Namibia was the first African country to incorporate protection of the environment into its constitution, and the government has reinforced this by giving its communities the opportunity and rights to manage their wildlife through communal conservancies. The team supports the Wild Horses Foundation, Save the Rhino Trust, Desert Lion Conservation, Giraffe Conservation and Vultures Namibia.
We have 2 incredible family-focused rides in the malaria-free Waterberg area of South Africa. These offer excellent riding, free-roaming horses, breath-taking views and exceptional game viewing. These are ideal for those looking to combine riding with relaxation or couples and families with non-riders. Trips are tailormade and activities are seemingly endless. Besides amazing riding, experience game drives, walking safaris and cycling, and in the Ant’s Reserve you can do guided rhino tracking.
The Waterberg area is sparsely populated and has minimal infrastructure and offers a unique opportunity to create a safe haven for rhino where they can live and breed free from poaching. Both black & white rhino populations occur here and thrive in the pristine bushveld habitats. Due to the rhino poaching crisis, the exact numbers of rhinos in the area are kept secret – but it is estimated that between 1200 & 1500 rhinos need to be cared for and protected. In the Ant’s Reserve, you can get incredibly close to these amazing animals on horseback and viewed from the observation deck – an experience that will leave you changed forever.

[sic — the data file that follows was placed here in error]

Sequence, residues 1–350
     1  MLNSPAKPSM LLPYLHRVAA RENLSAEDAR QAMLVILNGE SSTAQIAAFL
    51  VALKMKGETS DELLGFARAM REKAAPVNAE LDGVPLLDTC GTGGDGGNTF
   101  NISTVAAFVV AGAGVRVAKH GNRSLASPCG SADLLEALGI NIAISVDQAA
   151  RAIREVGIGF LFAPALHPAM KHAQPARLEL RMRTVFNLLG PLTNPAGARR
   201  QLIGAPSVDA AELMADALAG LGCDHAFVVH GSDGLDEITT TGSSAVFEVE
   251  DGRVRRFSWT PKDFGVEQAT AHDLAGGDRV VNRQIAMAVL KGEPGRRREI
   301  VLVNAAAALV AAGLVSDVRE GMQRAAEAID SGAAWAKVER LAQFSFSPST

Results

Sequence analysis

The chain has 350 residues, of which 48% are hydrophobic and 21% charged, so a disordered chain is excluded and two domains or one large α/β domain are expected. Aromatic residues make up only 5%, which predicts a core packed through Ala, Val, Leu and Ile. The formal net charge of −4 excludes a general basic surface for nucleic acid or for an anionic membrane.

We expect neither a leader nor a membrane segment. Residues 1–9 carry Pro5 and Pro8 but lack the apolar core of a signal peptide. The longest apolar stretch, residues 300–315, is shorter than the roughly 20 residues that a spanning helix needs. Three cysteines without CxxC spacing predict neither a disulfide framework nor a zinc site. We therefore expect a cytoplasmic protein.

Experience the freedom of coastal riding and fulfill every horse rider’s dream; cantering down vast empty beaches, with the sun on your face and the sea breeze in your hair. Explore the rugged, un-spoilt natural beauty of the Wild Coast. Rolling hills, deep gorges, and cliff tops that plunge into the ocean ensure that this is not just a beach ride; it is an adventure on the edge of Africa! An area easily accessible and malaria-free, the Wild Coast offers some truly ‘wild’ riding experiences. All rides are led by experienced guides who follow the tides for exciting but safe riding, including exhilarating gallop and river crossings.